In the 1860s, the One Per Centers controlled education, communication (And thereby Politics), banking,
access to the legal world, the mercantile world and direct access to smuggling schooners.

[This writer is a direct descendant of abolitionist eastern Kentucky Wagon Traders who operated throughout the South
with ten to twelve Conestoga freight wagons, acquiring smuggled goods around the Carolina Sounds, Georgia's Gullah
Islands, Mobile Bay, etc. and selling and trading for profit throughout the south.
Secretly, of course, they contacted slave families on the plantations, coached them in preparing, providing "scent
materials" to lay false trails to the north, with "drags" behind a horseback rider, then escape to the south with covered
trails, before climbing into empty barrels and crates on the trade wagons and rolling non-stop SOUTH for 48 to 72 hours
enroute to one of the smuggling ports where they escaped, usually north to Canada.]

They could not have operated their combined trading and escape program without the help of the
many abolitionist southerners.
Young local men who would ride north two and three days with scent drags covering escapes.
Others who would watch the trade wagons' back trails as they rushed south with the escapees.
Families who provided or at least maintained relief relay wagon teams, and provided hot food for the
team drivers and escapees.
The wagon trader escape program could not have operated except with widespread local and
regional help.
Message
From: Robert Stoothoff
Sent: 9/25/2018 8:37:55 AM
To: UNC Monument [/o=Exchangelabs/ou=Exchange Administrative Group
(FYDI BO HF 23SPDLT)/ cn=Recip ients/ en =34ade93d61564ff19c6bf3 749272a 75b-South _ com on]
Subject: Silent Sam

offer silent Sam to any organization that wishes to place it on private property.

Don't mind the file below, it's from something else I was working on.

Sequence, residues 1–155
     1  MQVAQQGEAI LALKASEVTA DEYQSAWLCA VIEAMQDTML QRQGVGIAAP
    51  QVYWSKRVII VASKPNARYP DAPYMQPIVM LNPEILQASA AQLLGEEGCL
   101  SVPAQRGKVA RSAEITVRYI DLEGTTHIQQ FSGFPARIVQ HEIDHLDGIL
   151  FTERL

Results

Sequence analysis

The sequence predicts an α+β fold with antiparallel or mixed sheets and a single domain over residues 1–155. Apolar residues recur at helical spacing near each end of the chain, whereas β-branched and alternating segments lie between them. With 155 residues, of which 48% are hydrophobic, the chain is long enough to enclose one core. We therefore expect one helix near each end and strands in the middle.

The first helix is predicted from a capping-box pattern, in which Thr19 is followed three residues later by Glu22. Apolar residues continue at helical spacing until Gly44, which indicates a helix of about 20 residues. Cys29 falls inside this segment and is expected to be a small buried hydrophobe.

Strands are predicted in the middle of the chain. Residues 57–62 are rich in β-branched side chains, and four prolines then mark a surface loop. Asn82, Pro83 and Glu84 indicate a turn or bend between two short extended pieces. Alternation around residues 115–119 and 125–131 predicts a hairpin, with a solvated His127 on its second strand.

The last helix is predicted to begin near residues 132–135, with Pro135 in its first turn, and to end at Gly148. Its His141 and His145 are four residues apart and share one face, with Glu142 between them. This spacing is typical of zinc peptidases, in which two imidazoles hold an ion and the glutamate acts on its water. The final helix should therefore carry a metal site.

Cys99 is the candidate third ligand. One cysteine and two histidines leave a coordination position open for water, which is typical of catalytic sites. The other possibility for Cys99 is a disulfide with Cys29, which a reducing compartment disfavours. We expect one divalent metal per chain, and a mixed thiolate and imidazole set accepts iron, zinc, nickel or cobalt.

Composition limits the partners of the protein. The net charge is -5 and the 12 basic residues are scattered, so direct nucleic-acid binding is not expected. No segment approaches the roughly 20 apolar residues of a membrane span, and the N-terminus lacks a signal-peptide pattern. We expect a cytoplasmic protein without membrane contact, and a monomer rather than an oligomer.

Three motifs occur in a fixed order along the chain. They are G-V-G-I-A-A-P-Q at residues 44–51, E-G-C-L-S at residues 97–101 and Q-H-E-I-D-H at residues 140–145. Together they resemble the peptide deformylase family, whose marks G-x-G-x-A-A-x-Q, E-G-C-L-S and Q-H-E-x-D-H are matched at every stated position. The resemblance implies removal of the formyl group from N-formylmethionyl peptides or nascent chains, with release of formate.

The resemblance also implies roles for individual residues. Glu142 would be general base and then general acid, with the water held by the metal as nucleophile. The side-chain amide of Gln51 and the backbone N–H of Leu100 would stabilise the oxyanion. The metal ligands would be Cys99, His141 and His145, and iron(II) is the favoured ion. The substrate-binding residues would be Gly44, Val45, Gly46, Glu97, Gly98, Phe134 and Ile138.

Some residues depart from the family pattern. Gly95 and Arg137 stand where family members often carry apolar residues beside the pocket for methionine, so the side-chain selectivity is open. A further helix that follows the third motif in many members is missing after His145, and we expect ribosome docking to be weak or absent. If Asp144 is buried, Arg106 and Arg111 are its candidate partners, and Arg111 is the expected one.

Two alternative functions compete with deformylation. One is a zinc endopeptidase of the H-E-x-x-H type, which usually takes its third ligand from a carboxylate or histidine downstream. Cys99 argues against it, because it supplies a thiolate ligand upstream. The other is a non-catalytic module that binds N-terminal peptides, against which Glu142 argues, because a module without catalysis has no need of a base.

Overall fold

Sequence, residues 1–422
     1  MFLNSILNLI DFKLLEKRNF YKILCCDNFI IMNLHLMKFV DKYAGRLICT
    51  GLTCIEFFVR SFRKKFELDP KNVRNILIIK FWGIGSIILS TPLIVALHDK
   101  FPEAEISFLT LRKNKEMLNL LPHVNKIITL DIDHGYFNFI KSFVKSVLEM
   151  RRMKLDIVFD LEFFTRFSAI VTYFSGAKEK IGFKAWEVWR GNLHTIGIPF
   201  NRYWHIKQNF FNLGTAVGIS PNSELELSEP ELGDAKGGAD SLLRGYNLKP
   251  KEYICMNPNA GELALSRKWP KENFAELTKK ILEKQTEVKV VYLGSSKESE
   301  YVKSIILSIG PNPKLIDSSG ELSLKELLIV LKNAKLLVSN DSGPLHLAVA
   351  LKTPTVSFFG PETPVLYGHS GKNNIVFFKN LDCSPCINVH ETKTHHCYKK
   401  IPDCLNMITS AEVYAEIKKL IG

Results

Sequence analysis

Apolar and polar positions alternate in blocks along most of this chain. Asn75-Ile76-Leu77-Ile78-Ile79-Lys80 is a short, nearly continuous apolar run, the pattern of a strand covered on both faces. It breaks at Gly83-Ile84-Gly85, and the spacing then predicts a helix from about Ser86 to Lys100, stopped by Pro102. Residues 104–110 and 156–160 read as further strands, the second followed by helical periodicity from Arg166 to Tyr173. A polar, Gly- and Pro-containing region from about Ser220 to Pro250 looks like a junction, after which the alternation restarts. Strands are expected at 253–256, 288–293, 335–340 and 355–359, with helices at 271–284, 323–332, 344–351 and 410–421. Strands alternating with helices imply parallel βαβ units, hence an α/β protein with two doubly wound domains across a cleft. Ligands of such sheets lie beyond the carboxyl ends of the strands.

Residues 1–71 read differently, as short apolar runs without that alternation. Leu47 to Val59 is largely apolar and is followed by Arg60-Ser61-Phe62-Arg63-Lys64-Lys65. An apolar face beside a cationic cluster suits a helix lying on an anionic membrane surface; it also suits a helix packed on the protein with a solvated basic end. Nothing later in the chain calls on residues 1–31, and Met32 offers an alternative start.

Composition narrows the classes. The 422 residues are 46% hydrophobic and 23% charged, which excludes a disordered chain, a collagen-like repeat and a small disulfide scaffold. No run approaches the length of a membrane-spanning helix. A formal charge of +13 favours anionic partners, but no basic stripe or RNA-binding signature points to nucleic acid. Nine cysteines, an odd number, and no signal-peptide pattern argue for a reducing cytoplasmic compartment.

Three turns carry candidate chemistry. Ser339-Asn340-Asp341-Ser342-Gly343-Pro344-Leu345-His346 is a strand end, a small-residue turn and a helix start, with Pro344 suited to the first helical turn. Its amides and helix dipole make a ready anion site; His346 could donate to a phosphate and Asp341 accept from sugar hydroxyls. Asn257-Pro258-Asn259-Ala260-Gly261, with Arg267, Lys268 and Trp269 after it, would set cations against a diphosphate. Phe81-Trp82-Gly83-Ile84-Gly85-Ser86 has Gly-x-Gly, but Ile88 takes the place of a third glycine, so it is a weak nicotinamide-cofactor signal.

The history of the war between the states does not need a statue that was conceived and erected in the
crucible of anger and defiance that followed the end of that conflict, in order to teach and learn.
Contextualizing silent Sam would mean exposing the hate that created him a good deal later after this
bloody war. It is beyond me why anyone would want that story to be represented by a soldier doing his
job.
However, if a board of governors wants to err on the side of punishing those who see this statue for what
it was erected for and those who angrily tore it down, then they will return the statue to the pedestal.
I hope they don't.
Bob Stoothoff
chapel Hill, NC
Sent from my iPad.
Message
From: Damon Webb
Sent: 9/25/2018 8:39:26 AM
To: UNC Monument [/o=Exchangelabs/ou=Exchange Administrative Group
(FYDI BO HF 23SPDLT)/ cn=Recip ients/en =34ade93d61564ff19c6bf3 749272a 75b-South _ com on]
Subject: Boy So ldier

As a taxpaying and law abiding c1t1zen of North Carolina I was sadden by


the lawless action of a few .Abetted by the actions of persons who are
suppose to enforce the law of this state. The only recourse is to
replace the statue at the same location and prosecute those responsible
for this disgrace.
Damon c Webb
Message
From: Knittel, Andrea [/o=Exchangelabs/ou=Exchange Administrative Group
(FYDI BO HF 23SPDLT)/ en=Recip ients/en =317bbecd80f545a2bb9b la 190e lb4906-a kn ittel]
Sent: 9/25/2018 8:40:26 AM
To: UNC Monument [/o=Exchangelabs/ou=Exchange Administrative Group
(FYDI BO HF 23SPDLT)/ en=Recip ients/en =34ade93d61564ff19c6bf3 7492 72a 75b-South _ com on]
Subject: Budapest monument park

In Budapest, outside the city, there is a park where they have collected all of the old soviet monuments that
represent a terribly repressive time for most people, and probably still hold some treasured memories for